Shakespeare wrote "The first thing we do, let's kill all the lawyers", in Henry VI. A tad harsh, but many people have shared that sentiment since the Bard's day. They might be as popular as rattlesnakes in a lucky dip but lawyers have enjoyed a strong connection to literature over the years. Many lawyers have found inspiration in the strong, noble lawyer character of Atticus Finch in Harper Lee's Pulitzer Prize-winning novel To Kill a Mockingbird.
Not only are lawyers indebted to books for their inspiration and knowledge of law and order, but many have turned to writing over the centuries as a hobby or an alternative career. Today's lawyers are prone to producing thrillers with heavy sprinklings of courtroom twists and turns. Former legal eagle John Grisham is one of literature's modern superstars, but there are plenty more like him. Enjoy our list of lawyers who became authors.
Famed for creating Perry Mason, Gardner turned to writing for pulp magazines because he found being a lawyer so dull. He penned more than 80 novels about Mason, the lawyer-turned-sleuth, from 1933 until his death in 1970. Gardner wrote under various pseudonyms, including A. A. Fair who was listed as the author of a series of mystery novels about the Bertha Cool and Donald Lam private detective firm.
Now retired in order to count his millions, Grisham is famous for his legal thrillers including The Firm (1991) and The Pelican Brief (1992). After graduating from law school, he practiced general law in Southaven, Mississippi. In 1996, the superstar novelist came out of retirement to successfully represent the family of a railroad brakeman crushed to death between two cars. Grisham has penned 21 novels – The Associate being his latest.
Acclaimed by Stephen King, Meg Gardiner is now on her third career – she has practiced law in Los Angeles, taught writing at the University of California, Santa Barbara, and now writes thrillers while living in the UK. She has penned five Evan Delaney novels - China Lake, Mission Canyon, Jericho Point, Crosscut and Kill Chain. Delaney is a journalist-sleuth who gave up a legal career.
That’s Sir John Clifford Mortimer, CBE, QC, to you. This English barrister created Rumpole of the Bailey but his legal career was not dull. He contested a number of high profile obscenity cases including defending Virgin Records over use of the word ‘bollocks’ on the Sex Pistols’ Never Mind The Bollocks album. Rumpole is the wine-swilling, cigar-wielding, Wordsworth-quoting lawyer addicted to the push and shove of the courtroom.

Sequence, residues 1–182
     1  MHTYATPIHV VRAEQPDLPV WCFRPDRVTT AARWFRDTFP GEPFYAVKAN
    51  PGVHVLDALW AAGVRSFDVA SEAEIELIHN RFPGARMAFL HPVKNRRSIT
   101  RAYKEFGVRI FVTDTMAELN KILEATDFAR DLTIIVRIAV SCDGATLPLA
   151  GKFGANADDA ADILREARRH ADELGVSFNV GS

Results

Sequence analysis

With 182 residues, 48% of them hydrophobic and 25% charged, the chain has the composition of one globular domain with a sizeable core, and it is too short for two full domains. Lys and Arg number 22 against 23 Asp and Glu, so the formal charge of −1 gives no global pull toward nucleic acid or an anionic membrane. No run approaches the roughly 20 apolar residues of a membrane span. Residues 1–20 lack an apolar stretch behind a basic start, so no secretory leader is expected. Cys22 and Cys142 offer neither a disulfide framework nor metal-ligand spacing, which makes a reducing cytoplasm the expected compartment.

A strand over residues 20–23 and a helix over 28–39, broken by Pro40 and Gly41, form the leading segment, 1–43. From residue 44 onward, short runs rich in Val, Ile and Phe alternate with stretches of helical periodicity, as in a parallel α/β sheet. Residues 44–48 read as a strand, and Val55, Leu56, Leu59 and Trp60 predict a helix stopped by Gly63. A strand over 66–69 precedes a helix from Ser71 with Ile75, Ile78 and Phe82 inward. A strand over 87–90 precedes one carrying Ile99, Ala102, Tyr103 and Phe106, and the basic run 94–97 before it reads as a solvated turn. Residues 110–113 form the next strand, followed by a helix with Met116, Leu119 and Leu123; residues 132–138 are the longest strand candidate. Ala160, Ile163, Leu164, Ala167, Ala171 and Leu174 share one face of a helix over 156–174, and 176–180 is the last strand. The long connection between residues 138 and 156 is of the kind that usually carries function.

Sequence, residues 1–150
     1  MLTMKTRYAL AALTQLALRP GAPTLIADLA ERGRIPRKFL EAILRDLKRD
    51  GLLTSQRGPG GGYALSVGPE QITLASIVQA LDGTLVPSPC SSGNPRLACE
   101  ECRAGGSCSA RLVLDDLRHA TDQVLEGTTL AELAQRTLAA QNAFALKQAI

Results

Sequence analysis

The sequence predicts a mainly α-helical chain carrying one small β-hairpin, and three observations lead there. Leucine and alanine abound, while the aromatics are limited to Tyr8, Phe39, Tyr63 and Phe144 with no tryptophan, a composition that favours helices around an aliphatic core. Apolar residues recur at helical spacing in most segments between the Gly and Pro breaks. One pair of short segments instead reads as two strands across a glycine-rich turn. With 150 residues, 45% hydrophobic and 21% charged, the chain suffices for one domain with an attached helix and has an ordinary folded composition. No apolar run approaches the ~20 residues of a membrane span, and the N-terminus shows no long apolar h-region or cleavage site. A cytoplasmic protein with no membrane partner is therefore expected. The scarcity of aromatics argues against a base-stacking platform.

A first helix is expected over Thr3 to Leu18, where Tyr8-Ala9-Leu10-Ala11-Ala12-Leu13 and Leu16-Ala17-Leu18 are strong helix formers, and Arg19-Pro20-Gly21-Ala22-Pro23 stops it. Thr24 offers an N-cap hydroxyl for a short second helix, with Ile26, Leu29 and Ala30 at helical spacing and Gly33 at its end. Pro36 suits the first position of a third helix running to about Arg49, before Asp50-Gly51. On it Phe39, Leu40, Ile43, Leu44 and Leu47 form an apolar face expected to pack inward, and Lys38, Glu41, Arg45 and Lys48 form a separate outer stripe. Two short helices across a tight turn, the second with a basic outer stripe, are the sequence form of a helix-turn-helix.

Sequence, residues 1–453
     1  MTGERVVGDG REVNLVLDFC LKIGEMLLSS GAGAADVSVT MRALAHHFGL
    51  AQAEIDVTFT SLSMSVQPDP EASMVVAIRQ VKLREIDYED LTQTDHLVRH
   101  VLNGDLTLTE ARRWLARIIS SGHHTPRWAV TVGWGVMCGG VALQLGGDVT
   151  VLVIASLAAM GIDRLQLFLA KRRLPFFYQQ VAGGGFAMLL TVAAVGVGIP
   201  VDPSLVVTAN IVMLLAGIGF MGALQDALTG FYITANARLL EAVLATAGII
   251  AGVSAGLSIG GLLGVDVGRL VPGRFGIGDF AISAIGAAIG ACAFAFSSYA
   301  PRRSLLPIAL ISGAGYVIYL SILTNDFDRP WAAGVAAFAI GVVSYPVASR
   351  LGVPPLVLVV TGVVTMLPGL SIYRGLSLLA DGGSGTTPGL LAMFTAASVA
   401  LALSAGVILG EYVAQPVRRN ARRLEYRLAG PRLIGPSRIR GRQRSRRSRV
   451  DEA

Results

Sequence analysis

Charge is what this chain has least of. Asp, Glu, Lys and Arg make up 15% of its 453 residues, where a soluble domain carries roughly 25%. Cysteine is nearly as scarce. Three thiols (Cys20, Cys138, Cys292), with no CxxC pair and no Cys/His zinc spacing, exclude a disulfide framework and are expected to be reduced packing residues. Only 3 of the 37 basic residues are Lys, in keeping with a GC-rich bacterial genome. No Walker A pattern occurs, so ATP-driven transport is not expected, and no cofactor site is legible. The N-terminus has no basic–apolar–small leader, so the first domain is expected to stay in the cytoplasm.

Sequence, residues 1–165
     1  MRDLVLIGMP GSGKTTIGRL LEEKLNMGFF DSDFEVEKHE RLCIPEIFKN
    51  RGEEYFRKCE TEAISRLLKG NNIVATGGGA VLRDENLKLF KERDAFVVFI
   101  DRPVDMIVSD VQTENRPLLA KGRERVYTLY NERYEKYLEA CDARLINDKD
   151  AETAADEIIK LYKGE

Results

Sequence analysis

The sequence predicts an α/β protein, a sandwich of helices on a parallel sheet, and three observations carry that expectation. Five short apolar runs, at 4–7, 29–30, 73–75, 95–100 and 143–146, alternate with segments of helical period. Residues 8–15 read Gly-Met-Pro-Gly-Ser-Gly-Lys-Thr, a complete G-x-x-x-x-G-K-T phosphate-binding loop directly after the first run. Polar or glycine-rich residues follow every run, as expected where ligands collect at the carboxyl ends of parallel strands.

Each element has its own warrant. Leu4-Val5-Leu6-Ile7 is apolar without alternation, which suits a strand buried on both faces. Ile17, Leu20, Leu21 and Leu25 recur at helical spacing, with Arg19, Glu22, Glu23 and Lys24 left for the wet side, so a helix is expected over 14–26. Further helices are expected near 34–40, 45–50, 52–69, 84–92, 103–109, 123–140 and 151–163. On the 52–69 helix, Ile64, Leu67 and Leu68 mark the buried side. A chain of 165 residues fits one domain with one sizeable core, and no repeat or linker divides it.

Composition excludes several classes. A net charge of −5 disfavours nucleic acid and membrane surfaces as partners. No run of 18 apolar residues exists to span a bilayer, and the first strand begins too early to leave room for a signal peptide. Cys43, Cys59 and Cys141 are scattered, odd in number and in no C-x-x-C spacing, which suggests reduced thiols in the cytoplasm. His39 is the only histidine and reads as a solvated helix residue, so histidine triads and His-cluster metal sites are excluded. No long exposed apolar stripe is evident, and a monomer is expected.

A former assistant attorney general for Ohio and high-ranking lawyer, North Patterson won the Edgar Allan Poe Award for best debut mystery in 1980 with The Lasko Tangent – a corporate crime thriller. He quit law in 1993 to write full time and the bestsellers kept coming, including No Safe Place, Eyes of a Child, and Dark Lady. His latest release is Eclipse.
This American modernist poet paid the bills by working as a lawyer for an insurance company in Hartford, Connecticut, but he’ll be remembered for his poetry. His debut book of poems was called Harmonium and included memorable poems such as Thirteen Ways Of Looking At A Blackbird. Did the legal to-ing and fro-ing of the insurance world inspire his poetry? Probably not.
Buchan, also known as Baron Tweedsmuir of Elsfield when sitting in the House of Lords, began his working life in law but quickly switched to politics. In his autobiography, Memory Hold-the-Door, he reveals law failed to inspire him in the least. Buchan, who also served as Governor General of Canada, is best known for the classic adventure tale, The Thirty-Nine Steps, but he was a prolific writer over the years.
Famous for family sagas like The House of Five Talents, Portrait in Brownstone, and East Side Story, Auchincloss worked as a lawyer for many years. He has also written short story collections and much non-fiction, including Pioneers and Caretakers: A Study of Nine American Women Novelists (1965), Edith Wharton: A Woman in Her Time (1972) and Reading Henry James (1975).
The author of Tom Jones, one of literature’s great comic novels published in 1749, was also an influential magistrate in 18th century London and one of the founders of the Bow Street Runners – the city’s first professional police force. He also campaigned for judicial reform and for the improvement of conditions in Britain’s woeful prisons.